Community Game Of The Year 2016 Winners

As we’re wont to do, our Game of the Year awards this year were accompanied by a community vote, to let you share your thoughts collectively beyond simply commenting as each category is awarded to its winner. You can see our overall GOTY winner here, but did you agree with us?

There were a number of runaway winners, as we trimmed the voting categories down to just half a dozen, but that doesn’t mean there weren’t any surprises. In fact, while most of the winners will have been wholly expected, one or two of the runners up came a little out of the blue for me.

Best Single Player – Uncharted 4: A Thief’s End

Runners up: Doom (2nd), Dark Souls 3 (3rd)

The biggest bone of contention in this category of our writer’s award wasn’t that Titanfall 2 won, but rather that Ratchet & Clank made the runners up shortlist ahead of Dark Souls 3, amongst others. Honestly, such complaints meant little in the community vote as Uncharted 4 romped to victory with nearly half the vote, with Doom a distant second and Dark Souls 3 an even more distant third.

Best Multiplayer – Battlefield 1

Runners up: Uncharted 4 and Overwatch (tied 2nd), Titanfall 2 (3rd)

Things were somewhat closer in the Best Multiplayer category, but Battlefield 1 still had a rather convincing lead over second place with nearly twice as many votes. The gap between second and third place was just a single vote, though, as Uncharted 4 and Overwatch tied for second with Titanfall 2 snapping at their heels.

Best Independent Game – Firewatch

Runners up: No Man’s Sky (2nd), Inside (3rd)

Firewatch’s story of mystery, isolation and self discovery clearly struck a chord with a lot of you, as it won your Best Independent Game award, but more surprising is how close No Man’s Sky came in second. Hello Games’ ambitious adventure into science fiction took an awful lot of flak after its launch for not living up to expectations, but it seems that a lot of you were able to put those to one side.

Best Virtual Reality Game – Batman: Arkham VR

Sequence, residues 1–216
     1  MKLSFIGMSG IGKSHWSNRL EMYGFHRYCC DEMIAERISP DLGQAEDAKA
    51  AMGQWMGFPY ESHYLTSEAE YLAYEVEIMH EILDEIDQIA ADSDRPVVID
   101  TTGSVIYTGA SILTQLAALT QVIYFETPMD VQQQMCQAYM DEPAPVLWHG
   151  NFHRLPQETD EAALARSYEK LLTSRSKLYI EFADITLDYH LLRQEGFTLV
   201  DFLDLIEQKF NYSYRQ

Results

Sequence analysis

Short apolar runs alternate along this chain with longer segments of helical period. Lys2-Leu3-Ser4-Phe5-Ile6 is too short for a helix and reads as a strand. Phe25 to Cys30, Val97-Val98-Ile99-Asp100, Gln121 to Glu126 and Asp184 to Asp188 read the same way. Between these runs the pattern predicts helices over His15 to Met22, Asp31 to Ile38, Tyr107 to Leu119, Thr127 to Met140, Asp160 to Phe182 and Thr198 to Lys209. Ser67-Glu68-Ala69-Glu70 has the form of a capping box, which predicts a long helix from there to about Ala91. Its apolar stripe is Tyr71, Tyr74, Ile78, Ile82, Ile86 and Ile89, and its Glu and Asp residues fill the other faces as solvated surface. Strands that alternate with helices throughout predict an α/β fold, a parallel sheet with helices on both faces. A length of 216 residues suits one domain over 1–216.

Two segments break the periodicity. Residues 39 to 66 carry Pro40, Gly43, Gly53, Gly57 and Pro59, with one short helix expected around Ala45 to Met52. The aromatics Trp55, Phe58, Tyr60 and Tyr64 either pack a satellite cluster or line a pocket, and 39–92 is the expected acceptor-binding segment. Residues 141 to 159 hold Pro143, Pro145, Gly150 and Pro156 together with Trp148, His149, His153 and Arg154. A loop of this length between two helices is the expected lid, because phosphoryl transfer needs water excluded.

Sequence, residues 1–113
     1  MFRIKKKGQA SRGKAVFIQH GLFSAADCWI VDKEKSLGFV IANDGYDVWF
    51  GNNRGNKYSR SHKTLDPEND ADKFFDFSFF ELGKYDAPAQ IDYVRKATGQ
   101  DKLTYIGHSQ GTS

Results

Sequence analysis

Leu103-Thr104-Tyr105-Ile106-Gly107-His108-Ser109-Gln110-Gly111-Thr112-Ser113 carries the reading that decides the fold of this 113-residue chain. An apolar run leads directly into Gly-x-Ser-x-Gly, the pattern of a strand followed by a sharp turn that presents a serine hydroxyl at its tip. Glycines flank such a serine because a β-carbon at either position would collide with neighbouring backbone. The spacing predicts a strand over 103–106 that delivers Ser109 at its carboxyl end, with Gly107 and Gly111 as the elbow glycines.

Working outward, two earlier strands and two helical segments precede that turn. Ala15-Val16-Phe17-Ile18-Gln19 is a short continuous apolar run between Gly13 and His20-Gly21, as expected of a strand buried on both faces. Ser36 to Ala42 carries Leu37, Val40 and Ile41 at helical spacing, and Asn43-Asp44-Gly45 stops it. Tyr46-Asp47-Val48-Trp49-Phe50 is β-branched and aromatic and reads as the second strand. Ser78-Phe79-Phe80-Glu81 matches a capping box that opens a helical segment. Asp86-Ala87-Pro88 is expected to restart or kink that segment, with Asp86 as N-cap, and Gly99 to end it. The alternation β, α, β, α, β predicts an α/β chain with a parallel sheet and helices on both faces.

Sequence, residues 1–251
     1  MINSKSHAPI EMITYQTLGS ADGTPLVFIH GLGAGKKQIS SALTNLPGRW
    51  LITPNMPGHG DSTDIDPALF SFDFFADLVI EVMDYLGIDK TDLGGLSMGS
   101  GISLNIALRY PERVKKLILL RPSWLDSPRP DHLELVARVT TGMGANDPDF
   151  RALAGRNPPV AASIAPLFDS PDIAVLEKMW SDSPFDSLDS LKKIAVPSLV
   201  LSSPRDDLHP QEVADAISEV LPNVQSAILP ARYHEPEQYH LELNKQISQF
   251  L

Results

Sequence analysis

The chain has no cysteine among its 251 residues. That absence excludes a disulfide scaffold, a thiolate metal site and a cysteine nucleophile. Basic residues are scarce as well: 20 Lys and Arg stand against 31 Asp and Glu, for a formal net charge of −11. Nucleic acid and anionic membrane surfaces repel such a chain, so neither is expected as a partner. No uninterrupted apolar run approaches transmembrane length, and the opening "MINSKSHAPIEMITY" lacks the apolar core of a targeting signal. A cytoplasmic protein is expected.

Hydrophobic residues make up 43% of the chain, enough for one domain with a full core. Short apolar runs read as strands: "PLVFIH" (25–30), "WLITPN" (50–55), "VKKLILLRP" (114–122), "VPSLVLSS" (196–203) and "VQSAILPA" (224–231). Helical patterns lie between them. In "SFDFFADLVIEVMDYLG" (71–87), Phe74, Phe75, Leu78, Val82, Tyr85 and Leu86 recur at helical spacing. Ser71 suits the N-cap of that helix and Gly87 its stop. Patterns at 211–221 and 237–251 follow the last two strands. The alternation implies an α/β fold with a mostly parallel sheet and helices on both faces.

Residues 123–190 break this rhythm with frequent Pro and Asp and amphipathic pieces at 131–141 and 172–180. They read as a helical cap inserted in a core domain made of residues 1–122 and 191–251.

Runners up: Star Wars Battlefront – Rogue One: X-Wing VR Mission (2nd), Battlezone, Driveclub VR and Thumper (tied 3rd)

Batman: Arkham VR was somewhat overlooked in our writers’ awards, with Tuffcub’s convincing arguments for Here They Lie seeing it take the honours, but when put to the public vote, being able to embody the Dark Knight clearly struck a chord with those of you who have tried virtual reality.

It’s somewhat telling that Star Wars Battlefront’s brief VR mission managed to come in second place, showing that we’re still waiting for the big blockbusting VR experience to sweep people off their feet.

Biggest Disappointment – No Man’s Sky

Runners up: Mafia III (2nd), The Division (3rd)

Despite being so close to winning Best Indie, No Man’s Sky was by far and away seen as the biggest disappointment of the year – amusingly, a few of you even voted for the game in both categories! The game simply failed to live up to the astronomically high expectations surrounding it and similar things could be said of third place The Division, which had years of build up to its oft delayed release.

Community Game of the Year 2016 – Uncharted 4: A Thief’s End

Runners up: Doom (2nd), Forza Horizon 3 (3rd)

I can’t say I’m that surprised to see Uncharted 4 topping the community awards, as the final chapter in the story of one of the most popular PlayStation characters. It’s a fantastic game, and came incredibly close to winning the writers’ award as well, only to have been pipped to the post by Overwatch.

Just as in your Best Single Player award, Uncharted 4 had nearly half of the vote and Doom was a very, very distant second place. A slight surprise was that Forza Horizon 3 managed to sneak into third place, though without a racing category for the community to vote it, this was its only real chance to shine.